Blintzes and bigos for brunch?

When my girlfriend and I located the Queen’s Hideaway, on an obscure Greenpoint street, we had been expecting the buttery popovers with fresh strawberry preserves, as featured in New York Magazine’s Cheap List entry.  Instead, we found that they didn’t serve brunch at all, with no evidence that they ever had.  The dinner menu sure did make us hungry, though.  So we wandered back down towards the Manhattan Ave. strip and happened upon “Polska Restauracja,” located at 136 Greenpoint Ave.

Besides the plain-Jane name, the premises were also humble.  Consisting of a large dining room long on faux wood paneling and short on the usual diner seating (the booth-dividers have chairs on either side), it would be wise to avoid sitting too close to the bathroom, due to the strong chemical odor (I thought it smelled like a cherry cough drop).  Signs advertising the beer called Zywiec abound, and I wish I’d tried one – for whatever reason, I felt like a Diet Coke was a more appropriate brunch drink.  Warm in the can, poured over ice (which instantly renders the soda flat), it reminded me of summers with my mother on the Cape.  (That’s my best Sietsema imitation, kids.)

Of course, with or without beer, the food at Polska Restauracja was excellent, and much cheaper than the higher-profile restaurants around the corner on Manhattan Ave.  My entrée was the combination plate ($7), which featured sausage, bigos (a hunter’s stew – long on the cabbage and short on the meat, in this incarnation), stuffed cabbage, two fried pierogies with a cheddar-potato filling, and a side dish of mashed beets.  Bread was also offered (we declined).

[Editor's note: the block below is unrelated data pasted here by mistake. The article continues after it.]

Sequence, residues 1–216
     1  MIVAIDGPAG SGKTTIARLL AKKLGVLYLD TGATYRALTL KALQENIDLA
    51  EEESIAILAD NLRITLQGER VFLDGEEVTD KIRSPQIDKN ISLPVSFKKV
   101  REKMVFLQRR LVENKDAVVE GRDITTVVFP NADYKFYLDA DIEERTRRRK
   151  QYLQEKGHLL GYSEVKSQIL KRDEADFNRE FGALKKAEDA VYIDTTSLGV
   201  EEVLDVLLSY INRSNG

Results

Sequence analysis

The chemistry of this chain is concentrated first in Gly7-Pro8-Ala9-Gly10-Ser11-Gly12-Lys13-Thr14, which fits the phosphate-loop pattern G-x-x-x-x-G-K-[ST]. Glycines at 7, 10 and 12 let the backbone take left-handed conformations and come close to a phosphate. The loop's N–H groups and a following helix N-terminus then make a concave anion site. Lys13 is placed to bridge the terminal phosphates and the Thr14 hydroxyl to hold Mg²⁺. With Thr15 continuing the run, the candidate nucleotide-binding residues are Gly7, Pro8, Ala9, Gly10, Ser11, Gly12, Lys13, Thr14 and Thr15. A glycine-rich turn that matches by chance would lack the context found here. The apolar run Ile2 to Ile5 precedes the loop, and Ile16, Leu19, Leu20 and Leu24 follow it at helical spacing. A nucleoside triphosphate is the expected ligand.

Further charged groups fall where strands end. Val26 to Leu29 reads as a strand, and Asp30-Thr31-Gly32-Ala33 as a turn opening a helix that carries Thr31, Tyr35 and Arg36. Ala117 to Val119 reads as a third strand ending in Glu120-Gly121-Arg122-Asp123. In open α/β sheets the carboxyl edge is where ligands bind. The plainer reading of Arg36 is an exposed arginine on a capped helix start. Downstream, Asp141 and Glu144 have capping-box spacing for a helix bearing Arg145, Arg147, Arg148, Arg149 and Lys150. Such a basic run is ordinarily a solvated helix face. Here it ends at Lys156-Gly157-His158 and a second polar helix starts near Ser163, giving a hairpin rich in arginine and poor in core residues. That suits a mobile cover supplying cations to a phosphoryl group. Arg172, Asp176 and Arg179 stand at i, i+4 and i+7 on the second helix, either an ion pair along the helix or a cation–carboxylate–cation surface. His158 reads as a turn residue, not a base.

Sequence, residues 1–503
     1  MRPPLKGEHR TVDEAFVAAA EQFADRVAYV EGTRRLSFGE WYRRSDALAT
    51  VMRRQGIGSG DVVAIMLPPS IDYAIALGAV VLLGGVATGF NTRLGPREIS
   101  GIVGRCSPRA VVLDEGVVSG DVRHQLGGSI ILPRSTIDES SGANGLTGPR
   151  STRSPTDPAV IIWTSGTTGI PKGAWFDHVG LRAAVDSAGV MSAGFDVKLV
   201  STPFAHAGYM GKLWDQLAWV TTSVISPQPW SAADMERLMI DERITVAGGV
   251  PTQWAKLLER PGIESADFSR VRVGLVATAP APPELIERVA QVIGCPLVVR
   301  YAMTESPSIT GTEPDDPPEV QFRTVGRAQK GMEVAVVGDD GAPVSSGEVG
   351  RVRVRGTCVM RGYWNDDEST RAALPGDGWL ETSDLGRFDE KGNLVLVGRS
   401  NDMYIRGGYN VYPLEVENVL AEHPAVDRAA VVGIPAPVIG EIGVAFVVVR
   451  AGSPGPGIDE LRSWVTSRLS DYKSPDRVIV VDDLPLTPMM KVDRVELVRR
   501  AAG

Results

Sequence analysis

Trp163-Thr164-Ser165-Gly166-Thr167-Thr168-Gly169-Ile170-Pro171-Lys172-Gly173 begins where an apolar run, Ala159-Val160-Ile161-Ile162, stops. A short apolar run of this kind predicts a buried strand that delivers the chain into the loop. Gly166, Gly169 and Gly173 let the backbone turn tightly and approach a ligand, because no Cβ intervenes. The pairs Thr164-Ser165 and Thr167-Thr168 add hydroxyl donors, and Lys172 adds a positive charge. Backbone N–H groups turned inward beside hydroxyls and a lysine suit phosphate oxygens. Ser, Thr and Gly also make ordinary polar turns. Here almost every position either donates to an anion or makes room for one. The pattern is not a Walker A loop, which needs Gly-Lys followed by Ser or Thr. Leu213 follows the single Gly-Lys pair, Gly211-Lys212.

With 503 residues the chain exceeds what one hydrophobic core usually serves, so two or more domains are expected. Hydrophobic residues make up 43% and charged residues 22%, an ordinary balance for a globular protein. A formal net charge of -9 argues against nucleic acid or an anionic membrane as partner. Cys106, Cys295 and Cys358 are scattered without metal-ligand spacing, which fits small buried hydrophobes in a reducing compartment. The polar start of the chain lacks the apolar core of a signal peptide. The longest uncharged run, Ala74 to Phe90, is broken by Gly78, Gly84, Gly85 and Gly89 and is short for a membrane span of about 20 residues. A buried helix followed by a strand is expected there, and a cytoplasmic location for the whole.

The sausage was surprisingly excellent – having had plenty of previously frozen, dry sausage in my time, the juiciness of this link was appreciated.  It also differed from your average grocery store sausage by virtue of its chunky filling – store-bought kielbasa always seems too dense.  The stuffed cabbage was filled with seasoned meat and doused in an orange sauce that seemed to have been derived from tomato soup – tasty.  The bigos didn’t really resemble the dish of the same name I was familiar with from Veselka, but admirably filled the spot on the plate I would ordinarily have filled with sauerkraut – just a few chunks of meat among the cabbage and soupy sauce.

The two pierogies were also excellent, and my girlfriend had an order of her own (8 for $4) as her entrée.  The menu advertised them as homemade – while I couldn’t tell if they were, they were certainly better than the equivalent at most of the East Village pierogi outposts.  Besides the potato/cheese combination, the menu offered beef and a mushroom/sauerkraut combination.  I can vouch for the beef and potato variety (didn’t try the kraut pies) in either the boiled or fried preparation.

Of course, we were at brunch, and some sweets were in order – the potato pancakes (5 for $3) were one more item to dunk in the large portion of sour cream that accompanied the pierogies.  Not too greasy, but not dry, they resembled silver dollar pancakes in diameter, if not in taste.  I also spread them with beets, which made something that looked like a cream cheese and jelly sandwich, while tasting as little as possible like one.

The undisputed heavyweight champion of the meal was the order of two filled crepes known as blintzes ($4).  Fresh-cooked upon ordering, and taking a few minutes longer to arrive at our table than the rest of the meal, one blintz was filled with sweet, curdy cheese, and the other with fresh strawberries.  Thankfully free of grease and (perhaps as a result) not soggy, the blintzes were gone in an instant.

I’ll be back to Polska Restauracja.  The combination of cheap food, large portions, and the total perfection of their blintzes makes it one of the top restaurants I’ve been to in the last month.

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